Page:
You are dreading another meal of ramen noodles and canned vegetables, but you know that’s all that’s left in the cupboard, that it’s the best you can offer your son tonight.
You’re thinking about this as you enter the dimly lit child care center to pick him up, with hunger pulling on your stomach, only to see him sitting on a grimy, stained rug. He gazes upward, engrossed in a cartoon, his face stone-still like an icy zombie. You remember that you once asked if the TV was safe — it still looks as if the smallest bump to the cart could make the heavy machine plummet down and crush a child — but the one time you tried to ask about it, you felt like a nuisance, so you never brought it up again.
Before you gather your son into your arms, you notice a child care worker with thinning hair scolding a girl; the girl stares at the dusty floor as tears roll down her cheeks. The scene tightens your throat with discomfort, awkwardness; you ignore this and scoop your son into your loving arms instead.
You don’t like this place; you have a feeling that…
Jesus said to his disciples: “No one can serve two masters. He will either hate one and love the other, or be devoted to one and despise the other. You cannot serve God and mammon.
“Therefore I tell you, do not worry about your life, what you will eat or drink, or about your body, what you will wear. Is not life more than food and the body more than clothing? Look at the birds in the sky; they do not sow or reap, they gather nothing into barns, yet your heavenly Father feeds them. Are not you more important than they? Can any of you by worrying add a single moment to your life-span? Why are you anxious about clothes? Learn from the way the wild flowers grow. They do not work or spin. But I tell you that not even Solomon in all his splendor was clothed like one of them. If God so clothes the grass of the field, which grows today and is thrown into the oven tomorrow, will he not much more provide for you, O you of little faith? So do not worry and say, ‘What are we to eat?’ or ‘What are we to drink?’or ‘What are we to wear?’ All these things the pagans seek. Your heavenly Father knows that you need them all. But seek first the kingdom of God and his righteousness, and all these things will be given you besides. Do not worry about tomorrow; tomorrow will take care of itself. Sufficient for a day is its own evil.” –Mt 6:24-34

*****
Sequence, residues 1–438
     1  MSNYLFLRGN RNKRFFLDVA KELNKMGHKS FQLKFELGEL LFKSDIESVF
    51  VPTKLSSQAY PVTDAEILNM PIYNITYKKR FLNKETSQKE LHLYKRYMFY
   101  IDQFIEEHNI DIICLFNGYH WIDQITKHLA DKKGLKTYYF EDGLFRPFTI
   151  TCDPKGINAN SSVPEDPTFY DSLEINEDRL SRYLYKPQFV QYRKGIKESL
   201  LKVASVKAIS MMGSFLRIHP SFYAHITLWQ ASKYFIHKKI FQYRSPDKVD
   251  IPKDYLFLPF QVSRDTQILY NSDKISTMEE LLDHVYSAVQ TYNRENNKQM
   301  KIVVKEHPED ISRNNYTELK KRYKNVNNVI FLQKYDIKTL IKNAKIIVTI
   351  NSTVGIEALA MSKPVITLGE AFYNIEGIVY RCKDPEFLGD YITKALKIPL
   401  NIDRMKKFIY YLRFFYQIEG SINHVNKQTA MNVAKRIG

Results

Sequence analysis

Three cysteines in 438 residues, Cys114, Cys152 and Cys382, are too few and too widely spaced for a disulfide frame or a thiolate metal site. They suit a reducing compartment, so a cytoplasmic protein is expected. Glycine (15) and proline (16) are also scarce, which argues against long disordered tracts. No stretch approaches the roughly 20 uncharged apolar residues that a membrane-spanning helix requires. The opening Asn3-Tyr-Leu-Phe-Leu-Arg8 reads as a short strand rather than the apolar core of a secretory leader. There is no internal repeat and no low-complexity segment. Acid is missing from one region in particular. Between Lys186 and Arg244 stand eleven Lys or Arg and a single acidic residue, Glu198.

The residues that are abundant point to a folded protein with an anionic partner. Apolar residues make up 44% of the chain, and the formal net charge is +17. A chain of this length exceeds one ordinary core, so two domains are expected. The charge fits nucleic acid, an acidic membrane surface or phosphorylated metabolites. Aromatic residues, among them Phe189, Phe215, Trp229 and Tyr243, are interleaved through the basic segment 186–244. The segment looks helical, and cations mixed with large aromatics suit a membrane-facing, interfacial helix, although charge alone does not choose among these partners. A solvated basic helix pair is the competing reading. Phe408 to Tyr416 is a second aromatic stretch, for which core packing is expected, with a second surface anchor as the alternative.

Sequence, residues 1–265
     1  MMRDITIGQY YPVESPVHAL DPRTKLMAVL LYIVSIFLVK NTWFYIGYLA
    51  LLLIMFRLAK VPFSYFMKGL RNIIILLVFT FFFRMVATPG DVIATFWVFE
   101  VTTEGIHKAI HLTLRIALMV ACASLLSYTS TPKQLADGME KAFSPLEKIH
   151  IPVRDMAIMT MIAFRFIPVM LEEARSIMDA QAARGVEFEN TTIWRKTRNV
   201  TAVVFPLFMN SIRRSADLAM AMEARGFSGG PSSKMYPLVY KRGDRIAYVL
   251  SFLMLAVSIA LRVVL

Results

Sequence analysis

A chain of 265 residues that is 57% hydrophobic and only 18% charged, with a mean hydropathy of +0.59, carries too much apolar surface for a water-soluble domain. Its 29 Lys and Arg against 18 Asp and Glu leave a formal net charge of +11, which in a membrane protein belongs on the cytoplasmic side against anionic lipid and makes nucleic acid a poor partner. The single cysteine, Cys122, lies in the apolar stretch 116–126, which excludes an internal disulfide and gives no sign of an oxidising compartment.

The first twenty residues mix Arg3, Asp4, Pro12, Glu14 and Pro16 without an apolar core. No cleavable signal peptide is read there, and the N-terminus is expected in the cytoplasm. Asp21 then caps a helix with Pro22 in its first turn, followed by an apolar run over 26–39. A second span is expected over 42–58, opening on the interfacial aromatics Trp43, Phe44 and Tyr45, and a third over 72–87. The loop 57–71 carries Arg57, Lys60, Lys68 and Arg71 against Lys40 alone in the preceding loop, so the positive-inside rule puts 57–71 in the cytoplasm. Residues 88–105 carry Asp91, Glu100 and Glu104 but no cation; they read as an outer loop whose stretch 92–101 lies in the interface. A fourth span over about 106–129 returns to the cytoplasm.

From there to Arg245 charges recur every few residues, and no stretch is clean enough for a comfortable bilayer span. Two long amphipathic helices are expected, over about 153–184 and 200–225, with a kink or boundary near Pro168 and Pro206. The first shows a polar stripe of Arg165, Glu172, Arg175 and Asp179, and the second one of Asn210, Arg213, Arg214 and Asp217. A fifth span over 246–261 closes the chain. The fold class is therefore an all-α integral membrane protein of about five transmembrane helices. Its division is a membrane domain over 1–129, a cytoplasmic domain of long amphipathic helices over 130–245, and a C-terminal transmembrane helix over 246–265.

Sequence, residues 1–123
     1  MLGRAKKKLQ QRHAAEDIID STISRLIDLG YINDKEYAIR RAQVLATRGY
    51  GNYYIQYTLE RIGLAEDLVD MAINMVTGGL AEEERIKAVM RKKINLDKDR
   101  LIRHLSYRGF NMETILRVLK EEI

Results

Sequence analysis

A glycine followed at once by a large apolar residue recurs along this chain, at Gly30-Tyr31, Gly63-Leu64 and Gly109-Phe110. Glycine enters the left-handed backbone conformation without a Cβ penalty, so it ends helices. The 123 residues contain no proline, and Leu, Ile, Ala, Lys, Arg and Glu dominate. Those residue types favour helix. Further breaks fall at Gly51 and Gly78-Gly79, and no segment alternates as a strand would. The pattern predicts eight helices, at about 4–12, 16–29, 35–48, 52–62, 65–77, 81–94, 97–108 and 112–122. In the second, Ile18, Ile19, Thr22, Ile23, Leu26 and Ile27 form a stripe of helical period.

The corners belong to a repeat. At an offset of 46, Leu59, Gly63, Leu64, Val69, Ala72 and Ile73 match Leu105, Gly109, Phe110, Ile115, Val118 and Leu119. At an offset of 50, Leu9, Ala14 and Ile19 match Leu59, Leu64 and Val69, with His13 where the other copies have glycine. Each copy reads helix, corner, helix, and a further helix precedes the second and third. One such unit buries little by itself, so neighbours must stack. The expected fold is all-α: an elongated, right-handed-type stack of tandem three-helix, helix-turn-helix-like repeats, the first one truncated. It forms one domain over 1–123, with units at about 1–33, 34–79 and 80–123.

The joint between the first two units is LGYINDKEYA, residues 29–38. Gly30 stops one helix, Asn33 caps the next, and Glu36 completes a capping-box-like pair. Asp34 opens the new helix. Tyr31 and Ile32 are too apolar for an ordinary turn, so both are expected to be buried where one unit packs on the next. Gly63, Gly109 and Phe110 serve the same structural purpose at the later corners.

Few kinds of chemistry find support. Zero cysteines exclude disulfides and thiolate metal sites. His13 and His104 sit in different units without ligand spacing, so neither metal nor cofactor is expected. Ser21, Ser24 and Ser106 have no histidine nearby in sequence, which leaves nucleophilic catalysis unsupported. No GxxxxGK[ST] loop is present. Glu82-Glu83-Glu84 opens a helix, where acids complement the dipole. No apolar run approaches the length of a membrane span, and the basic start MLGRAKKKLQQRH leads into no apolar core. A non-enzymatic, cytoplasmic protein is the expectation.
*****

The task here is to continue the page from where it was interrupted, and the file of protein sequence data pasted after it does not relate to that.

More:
One of my greatest sins is to be full of worry. At times my mind can obsess about all that I am concerned about: people, tasks and upcoming events. My body stresses and thoughts keep me away from relaxing into the arms of Jesus.
Jesus’ words humble me. It’s not all up to me. I am not in charge. God’s got this. I can trust, and I need to. I can let go and let God handle everything. Sometimes all I really need to do is show up with a heart full of love and then amazing graces flow. I’ve experienced this, and it is incredibly awesome.
Yet I have been trained to be responsible. I need to work hard, be prepared and organized. I need to set goals and plan for the future. I need to practical and careful. I train my students in the same ideals now while I wonder if they are developing faith in God’s power.
Certainly there is a certain amount of balance that is healthy and important. While we work to build the reign of God, we remember over and over that it is not about us; we are very small and God is huge. When things don’t run smoothly the temptations to worry flow around us. It can be confusing and overwhelming. At times the challenges can be so extreme and painful that our doubts can stall us on the path of faithfulness. Still, we know that it is important to be faithful in the great times and the ordinary times, so we are in the habit of trusting in the hard times.
Many people I know who have lived through violence and poverty have the strongest faith.
A few years ago I had the profound privilege of working with young adults who were transitioning from the chaos of homelessness to the stability and security of having their own place, savings, a solid job and a good education. One of the youth was bright and bold, but life had spun her in circles. While she was a resident in the community she taught me how to work hard and make the world a better place while pausing and trusting in the beauty of life.
“All I wanted since I was a little girl was to stand still and grow like flowers do. At Tubman, they are passionate about the growth of each individual entering these doors. I can finally say I have a place to stand still and grow.” –Sharniece, Tubman Resident
As we all turn away from worry toward faith in God’s beauty, I hope and pray we can all find a place to stand still and grow like flowers do. Amen.